"One of the consequences of your chicanery is to incur the expenses associated with it," said the judge. "This time it's $533." To exclude the possibility that Powell might again ante up in pennies, the judge specifically directed that Powell pay by cashier's check, money order or "folding money."I don't believe that the judge has the authority to prohibit payment in the form of a specific unit of legal tender, for the same reason that he wasn't in contempt of court. So, this guy should be able to pay the second judgement in 53,300 pennies, plus however many more pennies would constitute the bank fees to have it converted into folding money. I simply don't believe that the judge has that authority any more than they have the authority to mandate payment by check, visa, or silver dollars, because of the whole 'for all debts' part. Pennies are either money or they're not. Ensuring that the first guy doesn't have to bear an additional burden is one thing, ordering that an individual in possesion of legal tender not use that tender for a specific debt seems like real shaky ground.
Nevertheless, the court ordered Powell to pay $533 -- $350 of which was attorney fees. The judge said he had learned his lesson though, and required that Powell pay these expenses "by cashier's check or money order, or, if you choose to do so, five $100 bills, a $20 bill, a $10 bill and three $1 bills -- all in folding money."
I still think that this guy was being petty and spiteful in a remarkably stupid way. In Texas I believe they call this cussedness. There are ways to make someone suffer that are much less likely to irk the system. But I think the judge allowed his irritation to compromise his objectivity. (No one likes nitpicking when it favors assholes, but as recent events have clearly demonstrated, our nation needs a nitpickers guild dedicated to the judiciary full-time.)
Actually, I kinda hope that it does get taken further in court. Pennies are such a strange aspect to our currency that it'd be good to have a discussion about their place in our money system. They cost more to mint than they're worth, yet they allow our economy more fluidity than if we were limited to multiples of 5. (IMNSHO we need to revalue our currency, but that idea won't arrive for a decade at least.)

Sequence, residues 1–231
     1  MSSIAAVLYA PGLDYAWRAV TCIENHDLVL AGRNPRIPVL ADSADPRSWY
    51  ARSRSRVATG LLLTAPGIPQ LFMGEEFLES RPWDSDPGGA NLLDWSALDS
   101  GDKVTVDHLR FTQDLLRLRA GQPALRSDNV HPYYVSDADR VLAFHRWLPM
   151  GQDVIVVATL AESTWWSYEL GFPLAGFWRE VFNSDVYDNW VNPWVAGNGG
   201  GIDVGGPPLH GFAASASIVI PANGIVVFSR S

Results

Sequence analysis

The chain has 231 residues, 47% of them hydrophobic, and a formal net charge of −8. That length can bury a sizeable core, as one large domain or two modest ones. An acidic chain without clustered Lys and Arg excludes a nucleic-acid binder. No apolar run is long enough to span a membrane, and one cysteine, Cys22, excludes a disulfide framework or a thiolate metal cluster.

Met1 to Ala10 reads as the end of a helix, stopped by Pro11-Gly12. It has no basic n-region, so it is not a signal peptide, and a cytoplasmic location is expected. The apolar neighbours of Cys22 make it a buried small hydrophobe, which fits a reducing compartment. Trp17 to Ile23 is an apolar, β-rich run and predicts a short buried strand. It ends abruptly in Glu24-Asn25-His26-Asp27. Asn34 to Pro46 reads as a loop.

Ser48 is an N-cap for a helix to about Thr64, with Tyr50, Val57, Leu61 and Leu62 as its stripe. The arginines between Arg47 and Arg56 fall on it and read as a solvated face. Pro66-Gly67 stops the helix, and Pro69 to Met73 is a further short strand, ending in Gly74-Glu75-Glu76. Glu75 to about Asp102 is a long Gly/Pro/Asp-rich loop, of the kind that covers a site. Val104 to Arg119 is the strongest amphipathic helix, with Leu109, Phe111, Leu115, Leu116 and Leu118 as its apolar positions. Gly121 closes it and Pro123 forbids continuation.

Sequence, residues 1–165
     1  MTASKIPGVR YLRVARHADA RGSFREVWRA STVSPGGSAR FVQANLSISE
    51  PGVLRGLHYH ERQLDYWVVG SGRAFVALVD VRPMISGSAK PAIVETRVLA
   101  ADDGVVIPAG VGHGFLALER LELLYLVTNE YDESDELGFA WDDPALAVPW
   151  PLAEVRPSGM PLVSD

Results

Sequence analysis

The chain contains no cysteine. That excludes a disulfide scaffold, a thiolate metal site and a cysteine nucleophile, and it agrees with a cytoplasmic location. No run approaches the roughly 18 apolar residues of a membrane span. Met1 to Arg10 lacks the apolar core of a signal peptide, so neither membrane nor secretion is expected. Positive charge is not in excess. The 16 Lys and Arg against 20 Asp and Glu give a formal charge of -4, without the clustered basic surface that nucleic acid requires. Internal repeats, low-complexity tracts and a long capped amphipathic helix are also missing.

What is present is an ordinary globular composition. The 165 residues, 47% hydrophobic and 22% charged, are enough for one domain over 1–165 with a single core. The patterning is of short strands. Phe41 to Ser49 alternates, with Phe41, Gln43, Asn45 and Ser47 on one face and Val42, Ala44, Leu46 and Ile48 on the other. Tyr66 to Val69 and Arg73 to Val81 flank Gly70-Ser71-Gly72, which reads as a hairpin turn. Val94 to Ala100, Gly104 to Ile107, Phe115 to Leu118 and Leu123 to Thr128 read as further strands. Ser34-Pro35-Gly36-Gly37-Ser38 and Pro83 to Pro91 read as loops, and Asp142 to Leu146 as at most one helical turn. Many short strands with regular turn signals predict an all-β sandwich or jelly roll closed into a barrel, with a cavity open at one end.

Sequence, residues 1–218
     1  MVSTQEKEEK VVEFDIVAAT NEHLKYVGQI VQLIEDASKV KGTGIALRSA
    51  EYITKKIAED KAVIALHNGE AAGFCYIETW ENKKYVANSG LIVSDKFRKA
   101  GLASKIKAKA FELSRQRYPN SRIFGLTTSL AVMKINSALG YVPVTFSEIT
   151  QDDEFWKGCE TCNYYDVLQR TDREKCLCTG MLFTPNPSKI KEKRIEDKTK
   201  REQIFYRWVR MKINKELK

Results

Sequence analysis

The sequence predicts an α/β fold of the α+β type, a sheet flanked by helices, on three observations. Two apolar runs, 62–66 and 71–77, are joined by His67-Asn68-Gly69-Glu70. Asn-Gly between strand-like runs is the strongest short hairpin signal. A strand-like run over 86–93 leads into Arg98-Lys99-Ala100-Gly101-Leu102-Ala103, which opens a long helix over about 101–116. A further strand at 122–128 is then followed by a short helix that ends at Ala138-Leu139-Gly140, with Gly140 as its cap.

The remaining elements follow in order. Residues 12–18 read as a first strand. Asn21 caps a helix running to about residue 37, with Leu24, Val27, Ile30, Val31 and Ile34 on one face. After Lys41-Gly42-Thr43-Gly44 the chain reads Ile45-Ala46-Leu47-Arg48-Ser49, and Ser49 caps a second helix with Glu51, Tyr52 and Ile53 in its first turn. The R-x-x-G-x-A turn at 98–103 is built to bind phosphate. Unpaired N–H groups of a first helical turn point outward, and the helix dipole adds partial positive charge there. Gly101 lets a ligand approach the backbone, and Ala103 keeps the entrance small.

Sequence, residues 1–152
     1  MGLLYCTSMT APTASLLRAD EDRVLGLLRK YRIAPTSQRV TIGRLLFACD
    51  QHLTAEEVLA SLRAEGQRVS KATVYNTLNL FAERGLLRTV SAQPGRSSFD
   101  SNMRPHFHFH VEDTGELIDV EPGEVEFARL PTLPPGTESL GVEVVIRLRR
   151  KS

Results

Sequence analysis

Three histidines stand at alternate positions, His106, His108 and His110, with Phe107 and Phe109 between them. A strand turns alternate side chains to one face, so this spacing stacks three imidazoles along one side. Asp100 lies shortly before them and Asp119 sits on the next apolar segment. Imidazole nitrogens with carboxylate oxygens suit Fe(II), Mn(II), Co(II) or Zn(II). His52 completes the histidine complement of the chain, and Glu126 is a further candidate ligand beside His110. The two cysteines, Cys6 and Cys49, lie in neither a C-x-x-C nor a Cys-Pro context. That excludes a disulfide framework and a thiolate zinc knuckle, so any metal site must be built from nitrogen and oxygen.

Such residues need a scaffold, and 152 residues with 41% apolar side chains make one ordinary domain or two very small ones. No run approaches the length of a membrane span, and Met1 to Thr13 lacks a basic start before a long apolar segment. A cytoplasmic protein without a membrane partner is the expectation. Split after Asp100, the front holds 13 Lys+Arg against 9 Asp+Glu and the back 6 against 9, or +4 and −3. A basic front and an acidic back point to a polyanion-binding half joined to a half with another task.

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I came across this long ago but in light of the upcoming Supreme Court nomination quagmire it seems more relevant than ever. This is exactly why I'm pro-choice. It makes me soooo nervous to hear women of my generation talking about how abortions should be more restricted, that people shouldn't be allowed to use it as birth control, yaddayadda. Well, 2 of my high school friends have had abortions, that I know of. One was raped and wasn't willing to even name her attacker. One was in a stable long term relationship, had an abortion, and continued to be sexually active though she 'couldn't afford birth control.' I've been an intimate witness to both extremes of the practice.
My position is simply rooted in the belief that the government is the worst possible decision maker on this issue. If either of my friends needed permission to have an abortion, it would have been even worse. If abortion is only allowed in cases of rape, who decides if a woman was really raped? Do we demand that the victim name her attacker or bear his product? That's barbaric. (You can't imagine abortion rates in post-war east Germany.) If my other friend was obliged to seek permission prior to a second abortion, would her earlier abortion be held as evidence against her? Shall we limit each woman to a certain number of abortions per lifetime?
It is impossible to have two bearers of a full set of rights existing within one body. Government has NO BUSINESS in a woman's womb. I can't imagine why anyone whose ever been to the DMV would aspire to give this kind of control to others of the same ilk.